Just like another few months of kind of the winter season where you’d expect it to get better. But if that’s the worst case, doesn’t get much worse than global pandemic and shutting down the economy and advising people not to travel when you are, in fact, hosting people traveling.

Unknown Speaker 5:21
Right? You theoretically speaking have survived the most difficult time but we’ll just wait for the other shoe to drop here at the moment, Tyler.

Unknown Speaker 5:30
So alright, we can’t look into the future. We obviously we have no idea what’s what’s going to come next. But assuming that things are a little bit more predictable and smoother and sort of businesses usual. How do I

Unknown Speaker 5:41
just owning a single family long term rental and a couple 100 bucks 100 bucks a month or whatever? You can make a lot more doing Airbnb, but it’s a lot more work. So how do you coach people on evaluating which which is right for them?

Unknown Speaker 5:58
Yeah, so

Unknown Speaker 6:00
the biggest, the first thing to check into if you already own the property as kind of the market research of whether this will make sense for you or this property.

Unknown Speaker 6:10
So there’s a few tools for that you can go on to air DNA, and they’ve got a rental. It’s called like a rental iser, and it gives you some stats and, and tells you about what to expect. And Airbnb also has a tool that kind of tells you the same thing, they’ll tell you how much you can expect for rent. I think every time that I’ve done Airbnbs tool, it has been lower than what I’ve actually received, and what the air DNA rental iser has shown.

Unknown Speaker 6:43
So there’s first figuring out if you’ve got a fit for it. And then the second thing is actually getting up and going. And I’ve written some articles about

Unknown Speaker 6:55
getting furniture and selecting furniture. But I’ve always gone for this minimalistic approach where I use things like air,

Unknown Speaker 7:04
Amazon furniture, and IKEA style items, that it’s very minimalistic, it’s very sleek, it’s very cost effective.

Unknown Speaker 7:14
And I’ve purchased mostly new furniture, I do know a lot of people that go on a Facebook marketplace and have a ton of success doing that. I just do not believe it’s scalable enough and it takes it’s too much of a time suck for me personally.

Unknown Speaker 7:31
Yeah, that certainly does make sense. And that’s something that you do need to take into consideration if I just bought a full house, and I’m not going to do a long term rental, I need to actually furnish the entire thing. And so going on Amazon or Facebook marketplace and doing it one at a time, you might save some money, and it might turn out great, but it’s gonna take a lot more time.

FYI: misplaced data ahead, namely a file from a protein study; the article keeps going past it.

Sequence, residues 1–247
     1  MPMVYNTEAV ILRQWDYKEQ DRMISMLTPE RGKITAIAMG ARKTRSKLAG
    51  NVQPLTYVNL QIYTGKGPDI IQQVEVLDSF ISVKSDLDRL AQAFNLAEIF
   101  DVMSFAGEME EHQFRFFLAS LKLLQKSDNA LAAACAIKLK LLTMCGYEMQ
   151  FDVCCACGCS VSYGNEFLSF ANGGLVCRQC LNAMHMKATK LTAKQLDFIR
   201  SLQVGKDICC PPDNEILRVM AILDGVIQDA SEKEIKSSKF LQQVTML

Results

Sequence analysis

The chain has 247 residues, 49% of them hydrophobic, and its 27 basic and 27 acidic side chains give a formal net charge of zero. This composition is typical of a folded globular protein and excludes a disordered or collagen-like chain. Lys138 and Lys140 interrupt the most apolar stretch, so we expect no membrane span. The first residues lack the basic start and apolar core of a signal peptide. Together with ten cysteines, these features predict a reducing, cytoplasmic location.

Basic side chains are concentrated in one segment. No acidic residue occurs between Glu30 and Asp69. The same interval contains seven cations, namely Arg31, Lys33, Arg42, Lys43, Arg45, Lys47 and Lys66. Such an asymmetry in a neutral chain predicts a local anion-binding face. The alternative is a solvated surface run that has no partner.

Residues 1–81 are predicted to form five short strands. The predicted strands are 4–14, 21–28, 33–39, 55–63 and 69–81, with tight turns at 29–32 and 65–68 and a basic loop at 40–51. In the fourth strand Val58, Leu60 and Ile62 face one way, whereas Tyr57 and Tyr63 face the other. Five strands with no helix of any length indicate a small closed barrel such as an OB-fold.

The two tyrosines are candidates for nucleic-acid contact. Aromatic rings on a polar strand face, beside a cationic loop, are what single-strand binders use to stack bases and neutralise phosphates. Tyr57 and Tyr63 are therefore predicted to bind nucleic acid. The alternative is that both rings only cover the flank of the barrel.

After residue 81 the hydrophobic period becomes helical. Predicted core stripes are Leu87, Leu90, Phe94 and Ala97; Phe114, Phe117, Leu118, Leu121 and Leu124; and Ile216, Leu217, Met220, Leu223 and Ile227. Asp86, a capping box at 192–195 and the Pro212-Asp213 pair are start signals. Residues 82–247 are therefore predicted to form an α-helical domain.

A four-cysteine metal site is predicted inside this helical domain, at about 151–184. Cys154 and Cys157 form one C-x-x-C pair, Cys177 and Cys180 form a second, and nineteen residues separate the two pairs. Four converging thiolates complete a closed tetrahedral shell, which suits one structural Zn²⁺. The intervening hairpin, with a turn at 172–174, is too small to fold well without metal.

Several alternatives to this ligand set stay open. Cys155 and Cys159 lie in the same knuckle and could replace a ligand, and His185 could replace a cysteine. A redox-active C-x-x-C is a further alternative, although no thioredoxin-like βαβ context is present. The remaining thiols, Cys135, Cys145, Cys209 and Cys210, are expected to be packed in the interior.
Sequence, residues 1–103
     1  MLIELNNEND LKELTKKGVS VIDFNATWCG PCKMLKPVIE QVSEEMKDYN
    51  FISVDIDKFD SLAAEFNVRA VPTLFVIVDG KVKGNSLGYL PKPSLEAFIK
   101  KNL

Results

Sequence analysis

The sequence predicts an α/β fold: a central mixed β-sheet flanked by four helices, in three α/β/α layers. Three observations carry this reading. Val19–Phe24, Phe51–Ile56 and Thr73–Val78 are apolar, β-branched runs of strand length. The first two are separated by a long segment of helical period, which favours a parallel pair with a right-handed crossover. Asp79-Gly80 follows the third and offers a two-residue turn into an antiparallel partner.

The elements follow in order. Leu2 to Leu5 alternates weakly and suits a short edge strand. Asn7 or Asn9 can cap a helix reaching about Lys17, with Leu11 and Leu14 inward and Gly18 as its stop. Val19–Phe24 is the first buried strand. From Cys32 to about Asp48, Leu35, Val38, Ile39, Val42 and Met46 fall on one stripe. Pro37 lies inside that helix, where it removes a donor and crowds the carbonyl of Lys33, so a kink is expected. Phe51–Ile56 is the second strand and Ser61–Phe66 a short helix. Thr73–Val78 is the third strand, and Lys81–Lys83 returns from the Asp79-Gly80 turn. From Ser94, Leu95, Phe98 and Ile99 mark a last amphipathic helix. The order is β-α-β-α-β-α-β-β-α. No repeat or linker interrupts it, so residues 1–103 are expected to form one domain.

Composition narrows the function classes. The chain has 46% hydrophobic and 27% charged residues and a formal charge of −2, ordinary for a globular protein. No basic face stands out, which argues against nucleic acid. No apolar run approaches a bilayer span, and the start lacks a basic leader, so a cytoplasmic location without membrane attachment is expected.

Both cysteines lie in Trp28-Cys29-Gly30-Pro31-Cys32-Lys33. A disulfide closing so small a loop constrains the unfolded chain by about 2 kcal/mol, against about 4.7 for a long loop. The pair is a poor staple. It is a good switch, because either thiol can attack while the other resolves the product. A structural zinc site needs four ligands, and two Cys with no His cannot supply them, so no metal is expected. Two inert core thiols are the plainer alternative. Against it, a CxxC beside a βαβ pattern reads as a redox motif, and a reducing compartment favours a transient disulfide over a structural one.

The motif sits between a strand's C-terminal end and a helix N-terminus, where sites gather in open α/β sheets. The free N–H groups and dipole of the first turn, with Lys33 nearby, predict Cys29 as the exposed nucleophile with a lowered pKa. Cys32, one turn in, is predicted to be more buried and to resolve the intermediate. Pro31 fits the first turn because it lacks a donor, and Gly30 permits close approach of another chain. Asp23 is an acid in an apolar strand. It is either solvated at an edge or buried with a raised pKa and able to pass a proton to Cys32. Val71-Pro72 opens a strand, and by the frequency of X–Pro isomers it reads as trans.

Unknown Speaker 7:50
Yeah, so just deciding which is best for you, because you will save probably $1,000 By spending some more time on it. And if you do the hourly breakdown, that could be a great opportunity for you. If you’re not earning a ton on your hourly up beforehand.

Unknown Speaker 8:09
Other than that, the next thing to think about is how you’re going to manage it while you are operating it. So having a cleaner lined up is the most important thing Airbnb lives and dies by having a cleaner setup.

Unknown Speaker 8:24
And having that sorted. If you do it yourself, then you can that’s obviously an option.

Unknown Speaker 8:32
And then having somebody you can call for maintenance problems, because almost inevitably, any maintenance problem will occur on a time when you can’t just swing by and solve it. So having somebody that you can call and they can go over there and fix something or, or look at something and evaluate it and see if they can fix it at the time that the guests is over is pretty key.

Unknown Speaker 8:59
I I would recommend to find some like don’t try to don’t try to save money there.

Unknown Speaker 9:08
Or be too cheap, I guess. Has there been has this has the fact that so many people are now short term rental investors has that increased the number of cleaning services that do this as this increase the number of for lack of a better term handy people

Unknown Speaker 9:27
I don’t think the Handi people that’s a pretty big industry to start with but the the cleaning services, I don’t know if the industry itself got bigger, but there’s definitely more options for Airbnb investors and people that specialize in scheduling and doing that than there were when I when I first started even

Unknown Speaker 9:50
now, if you lived in a town that’s always had short term rentals, like a beach community or somewhere that is very vacation oriented. There probably was always that industry.

Unknown Speaker 10:00
there, but I’m in Cincinnati. So there’s not. There wasn’t a latent industry of, you know, vacation rentals and services related to that.

Unknown Speaker 10:16
That’s a so you’re, you’re in Cincinnati, and you’re having success doing this, does that suggest that you can be successful in any market? Yeah, I read somebody say that anywhere that they’ve got hotels, there’s demand for short term rental. Good. And if you think about that, there’s hotels basically everywhere.